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H-1B Workers Not Best Or Brightest, Study Says
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SpaceVegetable
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SpaceVegetable,
User Rank: Apprentice
4/30/2013 | 5:40:15 PM
re: H-1B Workers Not Best Or Brightest, Study Says
There is a shortage of experienced software engineers, judging by the recruiter activity and the pay rates I'm seeing. I haven't seen demand like this since 1999. As for H1B's, they are not that skilled, IMHO. One place I worked purposely kept their code dumbed down and simplistic so they could hire cheap H1B's to maintain it. Don't forget that a lot of people left the software field after the dot-com bust and now there's a gap of people with that level of experience. Works great for me since I can fill that gap, but there's not enough of us to go around. That said, I oppose increasing H1B caps any more. I'd rather see newbies and others trained. Unfortunately, nowadays we are all commodities and need to see to training and maintaining skills on our own. That's the down side of global markets.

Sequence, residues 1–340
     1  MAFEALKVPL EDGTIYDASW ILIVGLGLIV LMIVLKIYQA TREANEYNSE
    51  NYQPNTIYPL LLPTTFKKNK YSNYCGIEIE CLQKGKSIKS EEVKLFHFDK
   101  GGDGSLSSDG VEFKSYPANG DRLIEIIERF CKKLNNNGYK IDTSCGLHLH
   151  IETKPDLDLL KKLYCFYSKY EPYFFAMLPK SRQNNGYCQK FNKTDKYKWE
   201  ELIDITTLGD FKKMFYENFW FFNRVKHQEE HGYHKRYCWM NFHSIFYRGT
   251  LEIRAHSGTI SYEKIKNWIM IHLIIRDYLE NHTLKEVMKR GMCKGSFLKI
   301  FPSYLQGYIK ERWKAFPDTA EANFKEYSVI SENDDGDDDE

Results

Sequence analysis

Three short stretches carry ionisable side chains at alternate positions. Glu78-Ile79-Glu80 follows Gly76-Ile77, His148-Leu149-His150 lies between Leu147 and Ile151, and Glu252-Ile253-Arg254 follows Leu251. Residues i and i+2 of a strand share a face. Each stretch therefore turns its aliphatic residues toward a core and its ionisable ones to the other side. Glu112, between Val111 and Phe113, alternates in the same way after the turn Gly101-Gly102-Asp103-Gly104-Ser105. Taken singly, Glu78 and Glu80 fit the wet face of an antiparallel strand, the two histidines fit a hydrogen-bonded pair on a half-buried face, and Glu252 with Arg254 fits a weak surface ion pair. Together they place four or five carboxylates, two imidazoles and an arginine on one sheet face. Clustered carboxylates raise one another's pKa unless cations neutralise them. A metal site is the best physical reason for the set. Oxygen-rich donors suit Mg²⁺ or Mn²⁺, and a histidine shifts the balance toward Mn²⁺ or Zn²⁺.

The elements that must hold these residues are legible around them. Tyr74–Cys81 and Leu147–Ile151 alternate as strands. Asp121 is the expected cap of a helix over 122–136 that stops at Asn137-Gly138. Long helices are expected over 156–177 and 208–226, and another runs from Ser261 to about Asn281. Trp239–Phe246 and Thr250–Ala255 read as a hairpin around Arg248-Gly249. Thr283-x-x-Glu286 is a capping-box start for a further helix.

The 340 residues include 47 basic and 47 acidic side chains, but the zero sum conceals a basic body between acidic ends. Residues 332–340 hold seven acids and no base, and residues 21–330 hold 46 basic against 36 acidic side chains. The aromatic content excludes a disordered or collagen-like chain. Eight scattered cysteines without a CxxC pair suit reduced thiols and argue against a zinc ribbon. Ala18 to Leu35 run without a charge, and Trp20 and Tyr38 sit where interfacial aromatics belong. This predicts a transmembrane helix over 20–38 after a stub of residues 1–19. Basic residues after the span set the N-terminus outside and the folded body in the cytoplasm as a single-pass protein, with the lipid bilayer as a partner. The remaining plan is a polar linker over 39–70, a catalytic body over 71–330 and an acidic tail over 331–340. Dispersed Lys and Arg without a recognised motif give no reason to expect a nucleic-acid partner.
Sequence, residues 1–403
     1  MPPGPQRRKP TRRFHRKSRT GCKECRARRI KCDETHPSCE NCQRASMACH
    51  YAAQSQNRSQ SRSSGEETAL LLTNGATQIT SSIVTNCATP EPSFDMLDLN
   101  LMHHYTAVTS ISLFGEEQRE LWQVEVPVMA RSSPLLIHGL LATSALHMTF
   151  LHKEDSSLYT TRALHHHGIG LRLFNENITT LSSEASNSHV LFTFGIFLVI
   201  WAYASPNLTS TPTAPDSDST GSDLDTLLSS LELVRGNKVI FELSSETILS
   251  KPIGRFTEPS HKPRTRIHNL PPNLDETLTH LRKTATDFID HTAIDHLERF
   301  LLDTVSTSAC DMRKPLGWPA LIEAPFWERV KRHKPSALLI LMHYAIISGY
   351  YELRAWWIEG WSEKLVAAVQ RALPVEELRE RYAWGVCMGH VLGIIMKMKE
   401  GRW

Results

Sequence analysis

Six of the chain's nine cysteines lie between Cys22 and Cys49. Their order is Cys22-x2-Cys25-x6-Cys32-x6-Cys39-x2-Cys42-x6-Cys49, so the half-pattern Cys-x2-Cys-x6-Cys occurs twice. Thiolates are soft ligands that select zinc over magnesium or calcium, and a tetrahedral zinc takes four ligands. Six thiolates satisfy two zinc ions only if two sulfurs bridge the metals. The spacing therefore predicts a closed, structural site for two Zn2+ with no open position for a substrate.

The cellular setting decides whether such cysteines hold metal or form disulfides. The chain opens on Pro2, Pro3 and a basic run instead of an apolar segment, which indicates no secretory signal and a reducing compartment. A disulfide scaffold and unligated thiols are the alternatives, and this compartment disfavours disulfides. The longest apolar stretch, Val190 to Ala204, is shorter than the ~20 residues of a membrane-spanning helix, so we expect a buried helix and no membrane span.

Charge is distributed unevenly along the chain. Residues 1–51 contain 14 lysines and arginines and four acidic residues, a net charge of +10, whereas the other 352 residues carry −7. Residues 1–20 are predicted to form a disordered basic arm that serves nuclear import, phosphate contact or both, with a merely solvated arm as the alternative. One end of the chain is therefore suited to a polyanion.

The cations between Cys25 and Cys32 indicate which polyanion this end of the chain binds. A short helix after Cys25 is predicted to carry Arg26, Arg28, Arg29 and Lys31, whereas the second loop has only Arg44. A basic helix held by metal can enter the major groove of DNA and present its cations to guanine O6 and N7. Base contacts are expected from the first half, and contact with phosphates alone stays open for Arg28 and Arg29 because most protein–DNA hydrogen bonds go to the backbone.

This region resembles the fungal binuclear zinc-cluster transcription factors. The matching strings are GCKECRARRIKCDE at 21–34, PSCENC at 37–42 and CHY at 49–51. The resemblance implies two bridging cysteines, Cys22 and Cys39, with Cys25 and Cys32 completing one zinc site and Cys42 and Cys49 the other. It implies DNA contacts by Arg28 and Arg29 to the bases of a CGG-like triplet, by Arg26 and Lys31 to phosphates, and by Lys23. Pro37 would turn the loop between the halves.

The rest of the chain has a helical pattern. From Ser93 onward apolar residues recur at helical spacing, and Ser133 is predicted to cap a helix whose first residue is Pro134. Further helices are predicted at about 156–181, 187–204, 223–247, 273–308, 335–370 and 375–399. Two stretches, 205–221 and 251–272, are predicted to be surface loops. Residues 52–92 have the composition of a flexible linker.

voster
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voster,
User Rank: Apprentice
4/14/2013 | 4:28:45 PM
re: H-1B Workers Not Best Or Brightest, Study Says
You talk of offshoring and outsourcing, but the 65,000 H1-B entrants are but a drop in the ocean of the labor force in the outsourced countries. It may not always hold true, but of the IT workers in the H1-B pool, they are probably significantly above the mean skill level of your average outsourced worker.

So it's quite an invalid comparison.
voster
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voster,
User Rank: Apprentice
4/14/2013 | 4:25:22 PM
re: H-1B Workers Not Best Or Brightest, Study Says
Hi Not.Disgruntled,

Your anecdote piqued my interest, so I'll just pipe in for a bit.

I hope when you mention, "ic *tester* experience", you don't mean production IC tester systems like Teradyne's Catalyst etc.